Corney Brook campground Cape Breton Highlands, NS.

This is a magical little place; a grassy campsite just off the beach with  twenty sites. There’s no electricity or water, just a place to park with a picnic bench, sheer mountains on one side and a wild sea crashing over big round rocks on the other.

Cape Breton is right at the top of Nova Scotia, and the National Park encompasses some of the last wilderness in the province. It’s mountainous and craggy around the edges, boggy in the centre. Within one minute of crossing into the park we saw a glossy little black bear right next to us on the road. He snuffled about in the undergrowth completely unconcerned. Tom watched it wide eyed through the window – he was no more than ten feet away from the bear. It seemed to bode well for the next few days.

Philippa couldn’t wait to get out of the campground this morning, but I insisted on having a little blow on the beach first. The sun was warming things up through the clouds and we strolled along a ramshackle breakwater which was slowly sliding into the sea. A small fishing boat had untied from it and was taking some kids and their bikes across to Cheticamp Island. Their yellow lifejackets were very bright in the milky mist and they laughed and waved to us.

Harv sprang a leak in last night’s driving rain and I can’t quite figure out where the water is getting in. There was no damage done, but an irritating drip was coming in behind our bed. I’ll have to get on the roof and have a look but the forcast is good and we have places to go, so later.

Soon enough we were heading up the west coast of Cape Breton. The villages here have Scottish roots; place names are in English and Gaelic, and the Gaelic version is sometimes an entirely different name. There are signs advertising celidhs and the names on mailboxes are almost invariably Scots. You see the flag of St Andrew flapping alongside the Canadian maple leaf. North of Margaree Harbour though the village names reflect a different heritage: Belle Cote and Grand Etang are full of LeBlancs and Doucets. This is Acadia again and people are speaking French.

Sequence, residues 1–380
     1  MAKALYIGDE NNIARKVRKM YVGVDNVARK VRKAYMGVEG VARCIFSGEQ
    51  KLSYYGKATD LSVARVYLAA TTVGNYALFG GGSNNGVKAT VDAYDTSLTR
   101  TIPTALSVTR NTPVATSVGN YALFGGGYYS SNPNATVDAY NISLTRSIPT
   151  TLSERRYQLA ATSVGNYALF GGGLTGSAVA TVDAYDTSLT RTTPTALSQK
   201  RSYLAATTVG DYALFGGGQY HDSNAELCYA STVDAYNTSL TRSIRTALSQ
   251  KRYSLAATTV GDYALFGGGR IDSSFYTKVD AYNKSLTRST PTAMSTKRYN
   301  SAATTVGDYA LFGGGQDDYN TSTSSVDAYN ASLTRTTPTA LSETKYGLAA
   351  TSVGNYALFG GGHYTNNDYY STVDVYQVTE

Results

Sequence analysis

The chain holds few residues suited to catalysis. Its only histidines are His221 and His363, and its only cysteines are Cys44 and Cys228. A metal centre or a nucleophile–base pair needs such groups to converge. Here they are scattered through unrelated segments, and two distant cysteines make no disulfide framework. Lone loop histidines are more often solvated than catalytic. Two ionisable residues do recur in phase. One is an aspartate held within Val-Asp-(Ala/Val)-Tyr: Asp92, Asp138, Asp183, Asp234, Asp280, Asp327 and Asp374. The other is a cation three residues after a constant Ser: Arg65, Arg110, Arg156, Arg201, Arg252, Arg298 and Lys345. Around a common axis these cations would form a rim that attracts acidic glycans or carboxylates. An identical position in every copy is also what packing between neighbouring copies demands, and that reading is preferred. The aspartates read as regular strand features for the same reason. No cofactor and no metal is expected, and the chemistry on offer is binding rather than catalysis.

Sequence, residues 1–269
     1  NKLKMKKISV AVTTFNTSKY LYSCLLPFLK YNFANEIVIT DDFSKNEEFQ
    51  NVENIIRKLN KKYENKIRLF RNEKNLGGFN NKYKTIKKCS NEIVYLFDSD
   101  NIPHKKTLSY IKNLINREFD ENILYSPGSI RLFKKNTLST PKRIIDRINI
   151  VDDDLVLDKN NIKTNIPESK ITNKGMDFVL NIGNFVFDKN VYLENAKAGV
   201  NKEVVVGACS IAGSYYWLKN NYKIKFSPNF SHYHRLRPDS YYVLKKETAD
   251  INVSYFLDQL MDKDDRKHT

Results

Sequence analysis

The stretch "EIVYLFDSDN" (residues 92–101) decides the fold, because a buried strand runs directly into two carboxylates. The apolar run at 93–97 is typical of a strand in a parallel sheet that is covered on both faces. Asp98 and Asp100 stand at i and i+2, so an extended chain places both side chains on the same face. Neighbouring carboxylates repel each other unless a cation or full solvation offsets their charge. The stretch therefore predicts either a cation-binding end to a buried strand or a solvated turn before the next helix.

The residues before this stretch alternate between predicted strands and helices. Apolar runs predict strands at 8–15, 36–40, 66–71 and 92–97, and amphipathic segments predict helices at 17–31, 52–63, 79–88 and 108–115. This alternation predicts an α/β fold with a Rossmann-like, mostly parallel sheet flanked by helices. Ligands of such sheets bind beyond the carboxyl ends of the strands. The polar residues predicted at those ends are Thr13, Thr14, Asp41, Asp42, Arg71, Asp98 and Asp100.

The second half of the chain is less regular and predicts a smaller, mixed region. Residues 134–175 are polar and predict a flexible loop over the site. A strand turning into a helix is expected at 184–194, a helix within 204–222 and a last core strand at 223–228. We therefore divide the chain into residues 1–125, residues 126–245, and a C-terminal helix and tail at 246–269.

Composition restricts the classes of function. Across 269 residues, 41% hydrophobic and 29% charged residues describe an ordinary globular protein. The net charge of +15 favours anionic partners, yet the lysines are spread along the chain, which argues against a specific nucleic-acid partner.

At Cheticamp we stopped for lunch at a terrific little cafe which advertised lobster specials and wifi. A perfect combination. P and I both had variations of lobster salad and it was succulent and delicious. “All Aboard” is owned by a lobster fisherman and run by his wife and gaining quite a reputation. There was an article pinned up on the wall about a couple from Atlanta Georgia who fly up every year and go straight there  from the airport.

Cheticamp also had a well stocked Coop and a fabulous boulangerie which smelt of the bread they made in the back. We got blueberry turnovers, a raspberry stick, croissants and a cranberry cake. The one thing we couldn’t find was a fish shop despite driving back through the town again, so Philippa ran back into the coop in the end. We are not expecting much in the way of grocery stores in the next few days so its nice to have a full fridge.

The Cape Breton Highlands National Park is a short drive north and was instantly exciting. The road is a theme park ride, climbing steep ridges and instantly hurling you back down to the sea. The beach has two peat-stained rivers emptying into it and its pebbles shelve steeply into the breakers.

We watched a fiery orange sunset as the day cooled. Its great being out in the wilds again and tomorrow we hope to do a hike which the Park Service says offers the chance of seeing moose, bear, whales and eagles. Now that’s just showing off.

Author: Richard Lister

Chasing horizons...

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